Tuesday, December 26, 2017

Legendary Buffalo news anchor Irv Weinstein has died

Irv Weinstein, 87, the legendary WKBW-TV anchor who used alliterative expressions like “pistol-packing punks” as the king of local television news in Buffalo for decades, died Tuesday morning in a Irvine, Calif., assisted living residence after a battle with Lou Gehrig’s disease, ALS.
Weinstein, who retired at age 68 in 1998 after 34 years at the ABC affiliate, announced in October 2016 that he was battling the neurodegenerative disease that quickly silenced his voice but not his spirit.
Full story

Friday, December 22, 2017

Jane Philpott warns journalists against 'sloppy' reporting

Excerpt from a CBC interview with Indigenous Services Minister Jane Philpott:
In the last month, Philpott has taken aim at at least four different news stories, including a couple published by CBC News and one from the Postmedia-owned Saskatoon StarPhoenix, in which she called a story by one of that newspaper's columnists "irresponsible reporting."
"When people aren't accurate, or they're sloppy in terms of printing old information or information they haven't fact-checked, I think, as a minister, it's important for me to get the facts out there ... perpetuating myths and misunderstandings about what's taking place in this day and age does a disservice. Communities are thriving, growing, taking on leadership roles and succeeding, we need to tell those stories," she said in a year-end interview with CBC News at her office in Gatineau, Que.
Full story

Thursday, December 21, 2017

Canadian TV providers being paid to carry Russian ‘propaganda machine’

Exclusive story by the Globe and Mail's Susan Krashinsky Robertson
"Some of the country's biggest television providers have been accepting payments from RT – the Kremlin-controlled news channel that is considered part of Russia's propaganda machine – in return for ensuring that it is widely available to Canadian households.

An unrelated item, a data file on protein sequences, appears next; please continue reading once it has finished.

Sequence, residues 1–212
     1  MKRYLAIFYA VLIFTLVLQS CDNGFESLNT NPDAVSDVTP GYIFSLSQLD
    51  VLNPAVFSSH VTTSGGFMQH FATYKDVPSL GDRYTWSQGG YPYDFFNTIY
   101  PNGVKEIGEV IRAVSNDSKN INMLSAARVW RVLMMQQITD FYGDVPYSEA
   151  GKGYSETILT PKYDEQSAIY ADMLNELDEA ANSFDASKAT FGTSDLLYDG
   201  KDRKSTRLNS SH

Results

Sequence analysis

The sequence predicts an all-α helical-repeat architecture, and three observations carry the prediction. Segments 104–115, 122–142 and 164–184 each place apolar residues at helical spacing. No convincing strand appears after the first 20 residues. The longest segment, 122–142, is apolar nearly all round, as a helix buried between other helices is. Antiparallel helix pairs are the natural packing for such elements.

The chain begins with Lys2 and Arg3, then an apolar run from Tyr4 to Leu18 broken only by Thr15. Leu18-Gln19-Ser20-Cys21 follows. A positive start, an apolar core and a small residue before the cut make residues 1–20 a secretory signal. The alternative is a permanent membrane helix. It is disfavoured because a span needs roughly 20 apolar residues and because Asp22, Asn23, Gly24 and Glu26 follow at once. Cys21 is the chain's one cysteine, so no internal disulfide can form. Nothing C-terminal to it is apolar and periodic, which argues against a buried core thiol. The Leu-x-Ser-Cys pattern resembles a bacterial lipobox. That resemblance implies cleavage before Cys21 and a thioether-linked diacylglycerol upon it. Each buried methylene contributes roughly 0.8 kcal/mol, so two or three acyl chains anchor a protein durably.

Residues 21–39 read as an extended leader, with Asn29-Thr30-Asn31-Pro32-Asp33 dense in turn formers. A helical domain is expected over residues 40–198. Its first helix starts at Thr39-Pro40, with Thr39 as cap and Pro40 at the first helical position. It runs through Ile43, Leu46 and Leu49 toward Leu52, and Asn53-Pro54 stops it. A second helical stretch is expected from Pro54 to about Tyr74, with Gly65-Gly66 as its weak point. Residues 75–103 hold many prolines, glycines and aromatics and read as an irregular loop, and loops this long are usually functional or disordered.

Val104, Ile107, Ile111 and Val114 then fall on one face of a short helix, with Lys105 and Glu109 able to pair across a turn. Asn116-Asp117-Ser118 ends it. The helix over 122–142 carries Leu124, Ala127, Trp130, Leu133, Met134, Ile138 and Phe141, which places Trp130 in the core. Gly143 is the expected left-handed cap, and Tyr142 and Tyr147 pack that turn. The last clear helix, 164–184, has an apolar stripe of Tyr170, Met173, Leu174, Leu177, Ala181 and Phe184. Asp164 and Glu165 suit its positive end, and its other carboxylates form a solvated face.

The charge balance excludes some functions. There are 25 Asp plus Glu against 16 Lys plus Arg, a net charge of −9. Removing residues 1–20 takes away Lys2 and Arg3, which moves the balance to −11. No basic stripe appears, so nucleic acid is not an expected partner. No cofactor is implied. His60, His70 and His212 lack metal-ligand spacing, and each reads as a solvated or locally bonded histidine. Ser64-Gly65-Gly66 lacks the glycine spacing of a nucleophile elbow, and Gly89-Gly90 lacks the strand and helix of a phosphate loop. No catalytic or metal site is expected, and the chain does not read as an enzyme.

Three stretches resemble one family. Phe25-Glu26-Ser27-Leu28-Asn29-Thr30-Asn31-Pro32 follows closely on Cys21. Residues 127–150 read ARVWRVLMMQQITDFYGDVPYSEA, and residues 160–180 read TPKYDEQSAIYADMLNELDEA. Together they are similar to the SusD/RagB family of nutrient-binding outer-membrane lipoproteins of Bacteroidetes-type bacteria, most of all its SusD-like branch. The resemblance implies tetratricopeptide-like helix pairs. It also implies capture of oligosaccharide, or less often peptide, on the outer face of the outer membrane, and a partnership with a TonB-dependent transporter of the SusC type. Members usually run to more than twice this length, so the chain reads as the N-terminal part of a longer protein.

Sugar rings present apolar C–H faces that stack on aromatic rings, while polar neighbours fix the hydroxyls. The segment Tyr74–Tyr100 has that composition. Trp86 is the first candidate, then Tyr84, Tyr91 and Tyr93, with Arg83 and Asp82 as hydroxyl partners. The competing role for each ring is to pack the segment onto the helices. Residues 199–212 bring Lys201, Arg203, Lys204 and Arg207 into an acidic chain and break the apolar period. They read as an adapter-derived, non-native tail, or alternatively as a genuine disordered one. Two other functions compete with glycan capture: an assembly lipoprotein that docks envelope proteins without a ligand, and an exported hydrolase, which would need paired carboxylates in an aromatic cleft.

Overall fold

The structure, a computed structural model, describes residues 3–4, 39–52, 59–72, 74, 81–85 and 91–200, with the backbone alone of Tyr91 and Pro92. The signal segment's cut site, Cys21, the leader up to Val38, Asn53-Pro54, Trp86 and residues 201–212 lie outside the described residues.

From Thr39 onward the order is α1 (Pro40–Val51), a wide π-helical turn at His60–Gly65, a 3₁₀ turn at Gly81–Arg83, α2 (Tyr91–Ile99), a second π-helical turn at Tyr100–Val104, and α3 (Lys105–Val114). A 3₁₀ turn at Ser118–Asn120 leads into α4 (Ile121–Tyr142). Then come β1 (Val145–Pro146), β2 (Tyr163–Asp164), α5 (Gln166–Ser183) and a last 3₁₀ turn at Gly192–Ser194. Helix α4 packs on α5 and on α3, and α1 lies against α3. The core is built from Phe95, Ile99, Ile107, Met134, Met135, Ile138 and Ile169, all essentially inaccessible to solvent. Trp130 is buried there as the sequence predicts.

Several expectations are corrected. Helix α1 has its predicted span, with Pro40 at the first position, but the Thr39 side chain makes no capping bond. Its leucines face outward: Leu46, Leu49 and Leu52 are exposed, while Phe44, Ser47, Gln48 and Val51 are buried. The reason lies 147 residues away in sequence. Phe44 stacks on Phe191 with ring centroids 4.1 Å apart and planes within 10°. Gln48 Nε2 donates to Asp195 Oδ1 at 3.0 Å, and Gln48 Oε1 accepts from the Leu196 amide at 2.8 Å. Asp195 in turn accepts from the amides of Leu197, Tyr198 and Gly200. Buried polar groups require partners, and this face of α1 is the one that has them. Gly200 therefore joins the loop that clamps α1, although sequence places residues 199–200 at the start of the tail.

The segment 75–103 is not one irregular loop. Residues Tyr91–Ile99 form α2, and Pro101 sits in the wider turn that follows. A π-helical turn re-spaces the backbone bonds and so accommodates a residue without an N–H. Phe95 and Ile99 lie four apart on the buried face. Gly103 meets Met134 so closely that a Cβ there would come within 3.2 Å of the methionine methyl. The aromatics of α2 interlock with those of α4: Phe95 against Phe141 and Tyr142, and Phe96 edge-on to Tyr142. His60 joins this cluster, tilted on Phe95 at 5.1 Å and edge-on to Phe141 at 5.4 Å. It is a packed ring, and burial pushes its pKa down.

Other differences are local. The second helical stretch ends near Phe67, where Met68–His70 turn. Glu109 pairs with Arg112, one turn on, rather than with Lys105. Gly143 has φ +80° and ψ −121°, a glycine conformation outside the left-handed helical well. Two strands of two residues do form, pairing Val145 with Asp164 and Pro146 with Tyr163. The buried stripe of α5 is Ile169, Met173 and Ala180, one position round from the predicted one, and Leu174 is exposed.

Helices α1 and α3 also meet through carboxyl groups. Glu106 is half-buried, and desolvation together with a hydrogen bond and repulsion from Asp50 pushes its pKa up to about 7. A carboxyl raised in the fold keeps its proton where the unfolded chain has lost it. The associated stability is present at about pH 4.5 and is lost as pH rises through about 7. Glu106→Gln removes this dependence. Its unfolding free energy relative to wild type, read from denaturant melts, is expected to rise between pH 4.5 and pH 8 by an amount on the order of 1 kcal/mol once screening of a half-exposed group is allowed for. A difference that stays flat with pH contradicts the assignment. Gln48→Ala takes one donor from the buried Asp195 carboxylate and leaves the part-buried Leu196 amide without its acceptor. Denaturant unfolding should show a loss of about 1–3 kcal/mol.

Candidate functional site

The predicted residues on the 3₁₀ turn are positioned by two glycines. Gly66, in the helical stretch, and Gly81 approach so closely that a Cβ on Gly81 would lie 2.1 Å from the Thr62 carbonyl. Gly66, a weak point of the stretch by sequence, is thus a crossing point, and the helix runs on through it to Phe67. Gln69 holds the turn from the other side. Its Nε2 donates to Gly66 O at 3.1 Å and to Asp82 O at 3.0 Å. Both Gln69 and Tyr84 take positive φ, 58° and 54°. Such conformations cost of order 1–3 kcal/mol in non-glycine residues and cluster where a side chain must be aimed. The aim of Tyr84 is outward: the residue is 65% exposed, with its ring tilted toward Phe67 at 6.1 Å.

"The deals are unusual because they represent a reversal of the usual flow of money in the TV distribution business. In most cases, cable and satellite companies pay specialty television channels for the right to carry them, usually in the form of a monthly fee for every subscriber.
"But the Russian government is so intent on using RT to spread its point of view in foreign countries that it is willing to pay cable and satellite operators for the privilege, according to sources familiar with the agreements."
The full story

Tuesday, December 19, 2017

ESPN president John Skipper resigns to deal with substance addiction

John Skipper, president of the sprawling ESPN sports network, said Monday that he is resigning to treat a substance abuse problem.
Skipper's sudden announcement will force the Walt Disney Co.-owned network to search for new leadership at a time of retrenchment, with the company losing subscribers due to cord-cutters and working to boost its digital output to follow the migration of young sports fans to their smartphones.
The 61-year-old executive, who has worked at ESPN since 1997 and has led the company since 2012, said he's struggled for many years with substance addiction but gave no details of his specific problem. He said he had concluded that now is the time to deal with it. (AP)

Monday, December 18, 2017

More staff cuts at CTV